Tuesday, October 12, 2021

Antepenultimate Tuesdays In Octobers

Michael Sedano, The Gluten-free Chicano

California's on-again, off-again Fall hits with a vengeance like clockwork every October. That was true back on October's antepenultimate Tuesday in 2016, and, with global warming, I hope it's not truer this year, the vengeance part. 

Here, in Pasadena, most people put on a sweater or sweatshirt until the sun burns through the overcast, then it's afternoons of playeras and chanclas. Coverup again around sundown, when it's time for a hearty dinner. Something savory, not heavy, good for you. And, of course, gluten-free.

A savory fish soup is just what the calendar and el tiempo and el clima and El Gluten-free Chicano call for. Here's an updated recipe for Caldo de Pescado from October 11, 2016. Back then, el Gluten-free Chicas Patas enjoyed Frito Lascano's annual La Pelada and stocked-up on roasted rajas. Social isolation put the kibosh on peladas. Hatch chiles, however, have found a niche in local grocery stores. Truth be told, any "large green chile" will be just right. Some people, and restaurants, serve a bell pepper-only caldo.

The Gluten-free Chicano Cooks 
Caldo de Pescado: Naturally Gluten-free

Skies darken earlier as Fall wanes into Winter, and with dropping temperatures, a steaming bowl of caldo de pescado hits all the right spots for dinner or lunch. In fact, if you make a big pot, you can have dinner and lunch, maybe even breakfast of this richly seasoned hearty preparation. 

Red potatoes 
Garlic - 3 dientes 
Bell pepper
Hatch chile
Helotes or corn kernels 
Canned tomatoes 
Tomato juice
Frozen cod filets 
Cilantro, Salt, pepper, powdered coriander, bay leaves, olive oil, water. 

My kitchen stocks these ingredients in partially used quantities. I had the nub end of a celery, half a cabbage, most of a big red onion, and half a red bell pepper. I used another whole bell pepper because half isn't enough. 

The Gluten-free Chicano seeks value and finds it in bulk frozen cod at the grocer. One filet per person, let it defrost for a couple hours until soft enough to cut into spoon-size chunks. A partially-frozen filet slices into easily spooned cubes.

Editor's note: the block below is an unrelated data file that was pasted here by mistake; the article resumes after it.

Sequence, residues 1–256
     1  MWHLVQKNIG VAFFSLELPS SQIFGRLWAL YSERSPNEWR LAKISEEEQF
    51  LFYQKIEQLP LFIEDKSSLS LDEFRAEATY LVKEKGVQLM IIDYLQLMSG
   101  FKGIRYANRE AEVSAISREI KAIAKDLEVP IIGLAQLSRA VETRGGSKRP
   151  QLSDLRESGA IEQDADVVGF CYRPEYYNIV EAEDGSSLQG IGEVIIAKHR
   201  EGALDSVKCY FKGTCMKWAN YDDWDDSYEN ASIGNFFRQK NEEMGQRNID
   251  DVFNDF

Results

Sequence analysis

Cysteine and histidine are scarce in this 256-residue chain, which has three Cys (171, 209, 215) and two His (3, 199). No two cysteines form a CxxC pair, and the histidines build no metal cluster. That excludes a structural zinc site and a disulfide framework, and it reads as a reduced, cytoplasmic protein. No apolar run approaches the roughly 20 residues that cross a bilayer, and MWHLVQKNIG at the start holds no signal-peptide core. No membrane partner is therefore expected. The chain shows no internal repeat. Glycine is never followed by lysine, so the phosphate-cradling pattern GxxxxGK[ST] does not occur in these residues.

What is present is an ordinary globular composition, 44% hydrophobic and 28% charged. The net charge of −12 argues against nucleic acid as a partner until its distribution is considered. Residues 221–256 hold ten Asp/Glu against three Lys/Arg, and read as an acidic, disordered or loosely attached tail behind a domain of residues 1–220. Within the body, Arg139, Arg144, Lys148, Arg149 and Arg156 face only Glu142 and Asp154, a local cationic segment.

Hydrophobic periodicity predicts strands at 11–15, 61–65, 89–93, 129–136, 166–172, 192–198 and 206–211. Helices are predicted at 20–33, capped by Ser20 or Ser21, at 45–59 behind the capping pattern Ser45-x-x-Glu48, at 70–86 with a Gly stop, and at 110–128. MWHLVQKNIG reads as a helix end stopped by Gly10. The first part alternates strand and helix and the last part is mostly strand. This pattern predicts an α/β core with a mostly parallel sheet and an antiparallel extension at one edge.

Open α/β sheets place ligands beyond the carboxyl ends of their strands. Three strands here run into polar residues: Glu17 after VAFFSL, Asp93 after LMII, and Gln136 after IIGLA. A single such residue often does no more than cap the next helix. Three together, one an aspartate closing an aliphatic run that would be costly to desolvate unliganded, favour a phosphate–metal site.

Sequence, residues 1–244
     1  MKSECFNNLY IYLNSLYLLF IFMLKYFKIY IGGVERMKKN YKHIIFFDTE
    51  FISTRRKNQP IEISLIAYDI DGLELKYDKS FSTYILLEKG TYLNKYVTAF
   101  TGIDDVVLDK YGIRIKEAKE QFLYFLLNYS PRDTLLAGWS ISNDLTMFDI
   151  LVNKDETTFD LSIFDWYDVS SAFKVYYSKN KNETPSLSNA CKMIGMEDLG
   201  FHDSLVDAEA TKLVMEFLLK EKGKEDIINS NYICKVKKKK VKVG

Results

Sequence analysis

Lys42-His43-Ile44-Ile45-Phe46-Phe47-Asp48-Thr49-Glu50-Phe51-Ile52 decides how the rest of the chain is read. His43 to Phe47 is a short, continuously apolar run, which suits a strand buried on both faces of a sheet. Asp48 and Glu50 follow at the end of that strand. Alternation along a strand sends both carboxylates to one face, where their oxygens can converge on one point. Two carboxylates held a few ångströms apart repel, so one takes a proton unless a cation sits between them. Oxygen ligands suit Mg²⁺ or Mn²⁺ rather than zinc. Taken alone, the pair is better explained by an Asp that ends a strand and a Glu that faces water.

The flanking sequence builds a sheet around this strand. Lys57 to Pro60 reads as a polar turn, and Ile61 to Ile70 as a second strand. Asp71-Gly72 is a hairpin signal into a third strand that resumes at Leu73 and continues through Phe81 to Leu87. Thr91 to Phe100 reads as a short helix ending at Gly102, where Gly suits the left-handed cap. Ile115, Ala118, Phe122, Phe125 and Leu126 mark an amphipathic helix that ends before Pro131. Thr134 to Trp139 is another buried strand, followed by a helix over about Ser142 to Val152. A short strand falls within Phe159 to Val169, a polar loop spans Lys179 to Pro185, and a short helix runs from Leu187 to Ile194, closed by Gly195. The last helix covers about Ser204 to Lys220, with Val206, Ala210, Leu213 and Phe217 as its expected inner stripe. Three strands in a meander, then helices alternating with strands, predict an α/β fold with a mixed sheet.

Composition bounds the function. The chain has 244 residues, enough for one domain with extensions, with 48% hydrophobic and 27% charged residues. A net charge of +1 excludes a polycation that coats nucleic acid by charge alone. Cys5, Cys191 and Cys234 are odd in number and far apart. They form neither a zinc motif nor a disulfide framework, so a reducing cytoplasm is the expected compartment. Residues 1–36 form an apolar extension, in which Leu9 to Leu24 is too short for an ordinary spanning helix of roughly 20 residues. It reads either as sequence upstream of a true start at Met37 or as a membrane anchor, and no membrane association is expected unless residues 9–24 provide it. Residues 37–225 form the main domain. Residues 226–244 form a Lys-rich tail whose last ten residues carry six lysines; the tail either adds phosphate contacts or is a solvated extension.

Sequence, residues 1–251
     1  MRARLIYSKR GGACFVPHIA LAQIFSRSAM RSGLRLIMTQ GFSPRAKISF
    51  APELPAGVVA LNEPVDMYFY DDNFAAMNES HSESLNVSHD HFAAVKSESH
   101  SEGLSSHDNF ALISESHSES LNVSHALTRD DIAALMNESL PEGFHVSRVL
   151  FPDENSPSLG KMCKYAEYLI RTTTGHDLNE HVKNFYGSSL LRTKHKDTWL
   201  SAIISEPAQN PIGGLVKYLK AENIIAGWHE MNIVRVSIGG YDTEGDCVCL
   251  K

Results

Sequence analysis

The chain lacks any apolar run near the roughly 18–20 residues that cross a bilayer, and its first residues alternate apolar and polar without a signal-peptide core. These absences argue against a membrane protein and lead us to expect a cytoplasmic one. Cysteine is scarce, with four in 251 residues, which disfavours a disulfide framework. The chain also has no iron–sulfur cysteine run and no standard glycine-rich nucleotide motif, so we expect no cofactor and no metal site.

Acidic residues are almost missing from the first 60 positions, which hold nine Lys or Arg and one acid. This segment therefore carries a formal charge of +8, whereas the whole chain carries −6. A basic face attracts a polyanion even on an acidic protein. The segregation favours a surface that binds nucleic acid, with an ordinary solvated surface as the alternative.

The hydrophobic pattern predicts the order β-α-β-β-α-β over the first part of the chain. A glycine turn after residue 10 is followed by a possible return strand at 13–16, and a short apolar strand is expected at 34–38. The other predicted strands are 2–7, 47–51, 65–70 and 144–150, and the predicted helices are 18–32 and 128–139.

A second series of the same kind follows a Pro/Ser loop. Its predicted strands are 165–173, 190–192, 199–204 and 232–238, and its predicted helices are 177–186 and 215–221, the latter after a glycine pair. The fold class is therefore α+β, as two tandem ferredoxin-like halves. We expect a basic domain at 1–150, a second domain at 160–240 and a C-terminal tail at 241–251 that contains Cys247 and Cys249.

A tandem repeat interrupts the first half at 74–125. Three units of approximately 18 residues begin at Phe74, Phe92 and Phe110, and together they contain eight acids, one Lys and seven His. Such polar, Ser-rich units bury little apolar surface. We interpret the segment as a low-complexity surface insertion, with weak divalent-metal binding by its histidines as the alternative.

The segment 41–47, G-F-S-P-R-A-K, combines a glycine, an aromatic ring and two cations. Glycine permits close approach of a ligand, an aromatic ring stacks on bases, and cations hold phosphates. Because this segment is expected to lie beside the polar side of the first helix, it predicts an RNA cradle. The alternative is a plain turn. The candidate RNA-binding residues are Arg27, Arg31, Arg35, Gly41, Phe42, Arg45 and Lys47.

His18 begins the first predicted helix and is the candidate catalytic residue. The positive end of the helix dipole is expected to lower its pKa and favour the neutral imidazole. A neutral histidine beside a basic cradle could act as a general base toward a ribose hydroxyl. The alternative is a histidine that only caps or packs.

I like the cabbage cocido style, so slice half a head into four wedges. 

If using fresh corn, clean and break in half. For this preparation I had a jar of Niblets Corn (half a can) in the icebox and used that to good advantage. 

Get an edge on your knife with a steel, then carefully chop everything except the cabbage into spoon-size pieces. 

Add the root of the celery, the top of carrots, the tops of bell peppers. After cooking their flavor into the broth, pull them out and feed to the hens. La Chickenada loves them.
Pour a scant helping of olive oil into your soup pot and get it hot. 

Add the chopped vegetables and cook on medium heat for a few minutes. 

Add the fish and stir it into the cooking vegetables. 

Add as much chopped Hatch rajas as you need, based upon the hotness of the flesh and your diners' palates. You want the soup to be lip-smacking picoso but not so much that those of a different palate won’t enjoy the meal. You can offer powdered cayenne or dried chilitos, along with the lemons and onions and cilantro as the standard condiments.
I had half a mason jar of whole peeled tomatoes, so I added them—the equivalent of 3/4 of a 28 oz can of whole peeled tomatoes. I rinsed the jar and added the water. 

Add a cup and a half of tomato juice then enough water to fill the pot ¾ full. The vegetables exude liquid, too, so leave room. 

Add the dry spices and cilantro. I didn't have fresh cilantro so used some dried coriander. Stir in three small bay leaves, scantly generous salt, several pinches of coarsely ground black peppercorns.
Place the cabbage and helotes on top, bring to a happy boil, then cover and lower the flame to small simmer. Leave it on the fire for an hour or until the cabbage is soft enough to pierce easily with a fork. 

As this caldo slowly simmers your entire home fills with the aroma of puro love. Preparing this caldo is a lot of work, and all those ingredients combine to form a lusciously enticing perfume that reflects your labor. 

Speaking of love, The Gluten-free Chicano is using his mother's 1941 cocido/menudo pot.
Scoop heaping mounds of the vegetable and fish into a bowl, add as much liquid as you want. In the fotos below, I doubled the liquid before serving.
Serve with fresh lime or lemon halves to squeeze into the savory broth. This is excitingly filling without being heavy. That means you don't have to serve quesadillas, nor tortillas, for that matter. A tort, however, is useful to push food onto the soup spoon. 


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